Activate the fire element with Sun Salutations. Take your practice outside. Bathe in the warm glow of the sun and salute, paying reverence to this miraculous source of life, warmth, energy and illumination.
All living things need water to survive. In our own bodies, water helps to regulate body temperature, lubricate joints, dissolve and carry nutrients to cells, flush out waste and more. An obvious way to get in touch with this element is to practice on or near the water. Sit and meditate on the repetitive, rhythmic sound of waves or try a paddleboard yoga class and let the waves gently rock you into a sedating savasana. Rocking is incredibly soothing for your nervous system. It’s why we rock babies and fall asleep in hammocks!
If you’re landlocked, you can re-create the soothing sound of ocean waves with a soft ujjayi breath— like you’re listening to a private ocean inside your head.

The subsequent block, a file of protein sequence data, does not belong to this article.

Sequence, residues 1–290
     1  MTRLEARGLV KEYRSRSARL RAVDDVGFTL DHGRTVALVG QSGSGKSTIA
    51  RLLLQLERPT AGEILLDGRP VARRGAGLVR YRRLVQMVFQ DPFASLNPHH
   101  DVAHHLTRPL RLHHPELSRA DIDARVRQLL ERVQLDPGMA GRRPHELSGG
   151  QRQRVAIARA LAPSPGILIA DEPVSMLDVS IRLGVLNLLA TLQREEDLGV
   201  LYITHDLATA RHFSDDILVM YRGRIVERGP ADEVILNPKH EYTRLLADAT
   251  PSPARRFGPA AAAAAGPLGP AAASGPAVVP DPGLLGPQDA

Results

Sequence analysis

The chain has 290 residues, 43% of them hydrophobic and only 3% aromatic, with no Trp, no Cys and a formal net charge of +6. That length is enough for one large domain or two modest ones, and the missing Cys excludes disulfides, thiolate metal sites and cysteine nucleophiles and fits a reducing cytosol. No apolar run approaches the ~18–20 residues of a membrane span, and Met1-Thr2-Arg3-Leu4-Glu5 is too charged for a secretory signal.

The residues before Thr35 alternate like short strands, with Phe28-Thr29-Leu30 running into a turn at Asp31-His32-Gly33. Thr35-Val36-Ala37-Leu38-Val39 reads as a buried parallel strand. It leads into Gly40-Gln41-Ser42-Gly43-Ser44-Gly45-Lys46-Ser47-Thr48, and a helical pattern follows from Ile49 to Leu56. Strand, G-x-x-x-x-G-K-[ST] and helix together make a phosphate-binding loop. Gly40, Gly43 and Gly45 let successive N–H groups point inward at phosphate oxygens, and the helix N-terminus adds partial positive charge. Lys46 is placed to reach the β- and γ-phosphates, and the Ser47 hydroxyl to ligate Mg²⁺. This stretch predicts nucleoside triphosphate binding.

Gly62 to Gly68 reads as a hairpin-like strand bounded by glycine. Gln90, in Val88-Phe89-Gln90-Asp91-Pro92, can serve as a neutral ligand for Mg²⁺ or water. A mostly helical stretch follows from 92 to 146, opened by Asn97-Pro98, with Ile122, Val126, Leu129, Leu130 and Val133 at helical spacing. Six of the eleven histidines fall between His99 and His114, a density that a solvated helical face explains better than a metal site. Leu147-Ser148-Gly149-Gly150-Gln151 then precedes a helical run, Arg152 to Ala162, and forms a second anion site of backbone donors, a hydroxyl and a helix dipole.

The air element is associated with your lungs, and breath awareness is an essential part of yoga practice. Where better than the outdoors to take deep, invigorating breaths of fresh air? As you inhale, be aware that the oxygen you’re taking in is a gift to you, courtesy of the trees. As you breathe out carbon dioxide, know the trees will inhale it and transform it into more oxygen. Sit and breathe together. Be conscious of your interdependence on one another as you quietly exchange the gift of life. Notice what feelings this brings up for you: gratitude, wonder, amazement, contentment?
Human health is linked to environmental health. If our food, air and water aren’t healthy, we can’t be healthy either. But the benefits we derive from caring for the natural world go beyond the physical - they are also mental, spiritual and emotional. When we love and care for nature, knowing that nature loves and supports us back, we forge a sacred bond with our surroundings. We are returned to our natural state - a feeling of interconnectedness and belonging in the natural world.